Kaatscast: the Catskills Podcast
March 30, 2021

Sugaring Season at Oliverea Schoolhouse Maple

Sugaring Season at Oliverea Schoolhouse Maple
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Oliverea schoolhouse maple is a 4,000 tap maple farm owned and operated by Herb Van Baren. We tagged along for the day as he tapped trees and pumped sap to be boiled down to 1,000 gallons of Catskill Mountain syrup!

This episode was sponsored by WIOX and the Catskill Mountains Scenic Byway.

--- Support this podcast: https://anchor.fm/kaatscast/support


Transcribed by Jerome Kazlauskas via otter.ai

Brett Barry  0:02  
Welcome back to Kaatscast, the biweekly podcast featuring nature, arts and culture in the Catskill Mountains and Hudson Valley. This is prime maple sugar time when nights dip below freezing and warmer daytime temps lead to flowing maple sap.

Herb Van Baren  0:18  
I'm Herb Van Baren. Most people call me "Van" and I'm just a farmer from Oliverea (Oliverea School House Maple Owner/Proprietor), you know, I started out with just a couple taps here in Oliverea...and the next year, I saw my neighbor (Tom), he had some sugar maples, so I asked him, "Can I tap your trees?" and, you know, (eventually) I got enough taps and I left my job up (The YMCA) and started doing this full-time. I am the Sap King of Shandaken.

Brett Barry  0:46  
This week, we check in with Herb Van Baren, a maple sugarer here in the Catskills. Kaatscast is supported by WIOX Community Radio. Live and local in the Catskills. Reflective, responsive, and supportive at 91.3 FM, MTC cable channel 20, wioxradio.org, and with any smartphone radio app (Alexa, Play WIOX), and by the 52-mile Catskill Mountains Scenic Byway; following New York State Route 28 through the heart of the Central Catskills. For maps, itineraries, and links to area restaurants, shops, and accommodations, visit sceniccatskills.com.

Herb Van Baren  1:33  
Now these trees I've been tapping for 10-15 years at least. Now that tree right there with the three taps on it. I wish I had a thousand of those because that is probably the best running tree in the entire valley. So it runs great. It has a wonderful sugar content. One of my favorite trees.

Brett Barry  2:00  
With the exception of being a grocery store cashier in his past, Van has spent most of his working life outdoors. Today, even among over 2,000 other producers in New York State, he is one of a handful of sugarers producing Ulster County Syrup commercially. I first met with Van on a late March day in 2014 to see his syrup production process. He brought me on a tour through his various sugar bushes in the area and showed me his solo setup to make that delicious Oliverea School House Maple Syrup. He also shared with me the potential value of sugaring at home, along with some tips on harvesting your own sap.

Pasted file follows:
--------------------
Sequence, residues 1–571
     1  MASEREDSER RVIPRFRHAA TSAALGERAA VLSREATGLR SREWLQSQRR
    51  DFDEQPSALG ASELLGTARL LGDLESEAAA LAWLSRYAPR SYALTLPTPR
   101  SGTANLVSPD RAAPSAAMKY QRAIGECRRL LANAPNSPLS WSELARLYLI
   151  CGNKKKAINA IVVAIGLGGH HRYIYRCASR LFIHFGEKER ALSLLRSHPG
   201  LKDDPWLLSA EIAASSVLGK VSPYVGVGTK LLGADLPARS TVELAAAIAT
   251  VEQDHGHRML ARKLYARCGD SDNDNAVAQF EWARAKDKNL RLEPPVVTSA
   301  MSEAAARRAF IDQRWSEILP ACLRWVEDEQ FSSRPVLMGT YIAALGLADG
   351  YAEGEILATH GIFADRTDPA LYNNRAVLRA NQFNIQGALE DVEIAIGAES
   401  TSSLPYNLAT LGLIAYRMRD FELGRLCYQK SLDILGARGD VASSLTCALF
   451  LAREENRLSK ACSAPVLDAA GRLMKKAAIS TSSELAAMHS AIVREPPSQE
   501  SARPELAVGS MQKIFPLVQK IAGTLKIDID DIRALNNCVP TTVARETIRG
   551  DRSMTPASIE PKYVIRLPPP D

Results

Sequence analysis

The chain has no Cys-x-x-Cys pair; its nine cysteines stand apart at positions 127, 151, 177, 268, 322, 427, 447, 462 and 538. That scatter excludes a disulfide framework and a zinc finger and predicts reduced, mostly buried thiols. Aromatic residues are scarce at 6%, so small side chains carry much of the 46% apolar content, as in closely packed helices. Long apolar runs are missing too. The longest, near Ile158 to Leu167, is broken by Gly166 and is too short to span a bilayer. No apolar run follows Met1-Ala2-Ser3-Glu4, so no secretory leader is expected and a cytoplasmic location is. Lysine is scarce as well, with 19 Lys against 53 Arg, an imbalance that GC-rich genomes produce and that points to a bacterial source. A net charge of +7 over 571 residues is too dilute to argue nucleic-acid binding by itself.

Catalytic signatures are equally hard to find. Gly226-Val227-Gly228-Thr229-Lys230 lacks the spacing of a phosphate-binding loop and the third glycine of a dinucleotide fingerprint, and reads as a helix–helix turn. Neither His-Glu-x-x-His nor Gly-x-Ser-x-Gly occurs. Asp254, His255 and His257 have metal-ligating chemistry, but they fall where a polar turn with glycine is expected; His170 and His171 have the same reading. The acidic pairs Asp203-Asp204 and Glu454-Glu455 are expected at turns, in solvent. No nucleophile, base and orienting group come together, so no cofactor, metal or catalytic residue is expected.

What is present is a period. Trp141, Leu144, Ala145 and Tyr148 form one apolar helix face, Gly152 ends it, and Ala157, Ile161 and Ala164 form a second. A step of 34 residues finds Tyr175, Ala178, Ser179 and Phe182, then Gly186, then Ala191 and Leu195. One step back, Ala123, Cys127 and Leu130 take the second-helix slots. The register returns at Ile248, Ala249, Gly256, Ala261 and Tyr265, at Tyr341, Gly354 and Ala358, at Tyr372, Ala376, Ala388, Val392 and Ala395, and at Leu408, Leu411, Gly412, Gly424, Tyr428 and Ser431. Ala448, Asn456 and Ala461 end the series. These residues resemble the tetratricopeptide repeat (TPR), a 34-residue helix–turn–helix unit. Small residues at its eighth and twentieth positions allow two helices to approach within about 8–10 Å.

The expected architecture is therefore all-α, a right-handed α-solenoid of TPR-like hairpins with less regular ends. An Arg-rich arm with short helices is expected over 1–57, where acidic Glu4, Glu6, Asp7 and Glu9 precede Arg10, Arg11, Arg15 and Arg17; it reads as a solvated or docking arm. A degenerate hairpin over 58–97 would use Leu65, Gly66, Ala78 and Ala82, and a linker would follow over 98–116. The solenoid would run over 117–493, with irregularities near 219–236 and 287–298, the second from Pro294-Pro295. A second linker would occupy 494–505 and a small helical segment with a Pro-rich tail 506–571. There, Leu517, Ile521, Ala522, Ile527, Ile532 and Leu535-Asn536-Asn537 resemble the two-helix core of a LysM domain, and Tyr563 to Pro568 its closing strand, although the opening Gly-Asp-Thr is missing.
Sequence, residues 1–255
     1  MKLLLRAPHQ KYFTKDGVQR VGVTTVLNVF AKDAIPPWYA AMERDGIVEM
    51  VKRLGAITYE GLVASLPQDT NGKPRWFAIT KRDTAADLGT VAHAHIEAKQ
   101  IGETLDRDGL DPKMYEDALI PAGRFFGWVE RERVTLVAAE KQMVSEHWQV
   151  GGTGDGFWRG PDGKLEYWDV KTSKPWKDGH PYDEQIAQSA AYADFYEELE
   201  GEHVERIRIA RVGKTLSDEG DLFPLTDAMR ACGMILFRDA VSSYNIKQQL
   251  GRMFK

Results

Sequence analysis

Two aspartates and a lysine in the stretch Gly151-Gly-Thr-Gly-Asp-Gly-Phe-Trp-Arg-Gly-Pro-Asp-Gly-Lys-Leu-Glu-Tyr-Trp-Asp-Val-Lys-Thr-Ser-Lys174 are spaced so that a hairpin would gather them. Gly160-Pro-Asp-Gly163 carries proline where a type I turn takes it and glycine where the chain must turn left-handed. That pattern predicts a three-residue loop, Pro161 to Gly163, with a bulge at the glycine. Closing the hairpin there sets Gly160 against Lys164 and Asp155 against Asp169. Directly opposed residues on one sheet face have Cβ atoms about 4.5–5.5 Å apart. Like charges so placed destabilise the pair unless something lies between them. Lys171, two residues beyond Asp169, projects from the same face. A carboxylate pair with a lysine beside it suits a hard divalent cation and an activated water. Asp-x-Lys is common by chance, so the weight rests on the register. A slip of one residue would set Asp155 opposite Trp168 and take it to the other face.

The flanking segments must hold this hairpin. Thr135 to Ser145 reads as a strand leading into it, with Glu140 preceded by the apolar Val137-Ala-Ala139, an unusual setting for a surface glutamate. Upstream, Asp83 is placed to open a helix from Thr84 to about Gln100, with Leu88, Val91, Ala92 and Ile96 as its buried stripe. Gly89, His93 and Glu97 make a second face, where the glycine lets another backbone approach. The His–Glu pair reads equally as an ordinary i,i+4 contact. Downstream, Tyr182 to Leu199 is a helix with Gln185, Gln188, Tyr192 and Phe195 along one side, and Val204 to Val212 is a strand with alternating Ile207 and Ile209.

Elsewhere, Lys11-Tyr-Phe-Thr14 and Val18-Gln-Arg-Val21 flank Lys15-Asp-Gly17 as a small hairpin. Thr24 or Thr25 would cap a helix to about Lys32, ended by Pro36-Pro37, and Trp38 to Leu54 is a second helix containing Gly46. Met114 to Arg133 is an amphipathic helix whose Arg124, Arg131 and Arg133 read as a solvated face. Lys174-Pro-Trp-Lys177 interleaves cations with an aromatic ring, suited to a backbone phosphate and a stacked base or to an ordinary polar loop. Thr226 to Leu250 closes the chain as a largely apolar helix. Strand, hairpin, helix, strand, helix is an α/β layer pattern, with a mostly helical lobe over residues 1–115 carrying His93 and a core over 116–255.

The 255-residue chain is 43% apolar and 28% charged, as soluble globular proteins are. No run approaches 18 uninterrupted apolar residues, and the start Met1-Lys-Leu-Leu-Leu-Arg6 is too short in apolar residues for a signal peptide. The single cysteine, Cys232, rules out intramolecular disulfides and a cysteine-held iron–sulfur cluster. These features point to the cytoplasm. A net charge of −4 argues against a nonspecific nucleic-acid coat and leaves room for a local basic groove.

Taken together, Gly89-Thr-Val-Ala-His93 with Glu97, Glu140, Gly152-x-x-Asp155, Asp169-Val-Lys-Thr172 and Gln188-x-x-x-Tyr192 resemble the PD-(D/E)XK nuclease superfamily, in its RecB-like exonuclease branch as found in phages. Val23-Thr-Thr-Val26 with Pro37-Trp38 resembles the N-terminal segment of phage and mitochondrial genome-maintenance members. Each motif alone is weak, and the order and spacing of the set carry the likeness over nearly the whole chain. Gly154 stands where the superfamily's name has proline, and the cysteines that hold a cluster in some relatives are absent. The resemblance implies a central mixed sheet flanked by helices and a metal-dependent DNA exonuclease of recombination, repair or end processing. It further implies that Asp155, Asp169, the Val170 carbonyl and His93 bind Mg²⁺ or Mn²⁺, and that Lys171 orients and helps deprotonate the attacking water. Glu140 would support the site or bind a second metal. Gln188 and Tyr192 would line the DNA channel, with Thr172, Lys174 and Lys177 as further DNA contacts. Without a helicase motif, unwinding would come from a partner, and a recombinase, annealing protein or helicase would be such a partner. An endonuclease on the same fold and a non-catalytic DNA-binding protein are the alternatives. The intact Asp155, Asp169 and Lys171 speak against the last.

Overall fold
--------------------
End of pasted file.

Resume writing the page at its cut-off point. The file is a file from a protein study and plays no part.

Herb Van Baren  2:46  
You can see free half a tree like that...you get almost 10 gallons of sap from three taps in one day and 10 gallons of sap will make a pint of finished syrup. See that 30 days you got 30 pints...that's a lot of syrup from one tree.

Brett Barry  3:02  
New York State has the largest population of tappable maple trees in the United States. So if you're a New Yorker, you may just have access to a sugar bush in your own backyard. Anyone wishing to make their own maple syrup can do so with tools around their house and a maple tree in their yard. However, the hardest part (says Van) is removing the water from the sap through the boiling process.

Herb Van Baren  3:24  
When you have a way to boil it down at home, if you were to tap any trees or...

Brett Barry  3:28  
How long does it take?

Herb Van Baren  3:29  
You know, depends on how much sap you have and it can take hours and you have to have the time to do it and get a candy thermometer and maple syrup boils at seven and a quarter degree above the boiling point of water for that day at 66% sugar.

Brett Barry  3:46  
Maple trees can produce sap for years, if they are kept in healthy condition. In many cases, they can be tapped for decades. Van has been tapping the same trees here in the Catskills for more than 20 years.

Herb Van Baren  3:59  
The amount of sap that you're getting out of the tree is really no problem for the tree whatsoever. It's kind of like you getting a little cut, you get a small section of compartmentalization inside the tree. So you're introducing a little bit of bacteria and mold and fungus into the tree and that's why you have tapping guidelines as you don't want to put too many taps in a tree because then your moss will take a chainsaw and girdle it because you're going to kill it within, you know, 10-20 years...and it's blowing. There is what I like to see and (yeah) when you tap, you want to have your drill bed at a slight upward angle into the tree and that's not to get the sap out because the sap's flowing out because you have high pressure inside the tree (kind of like), if you shake a Coke can. When the reason you tap up into the tree is when you pull the spiral at the end of the year. Water can't collect in there. If you tap down into it (that'll just hold water), you'll get even more damage to the tree and this tree I've been tapping for 20 years. These guys here.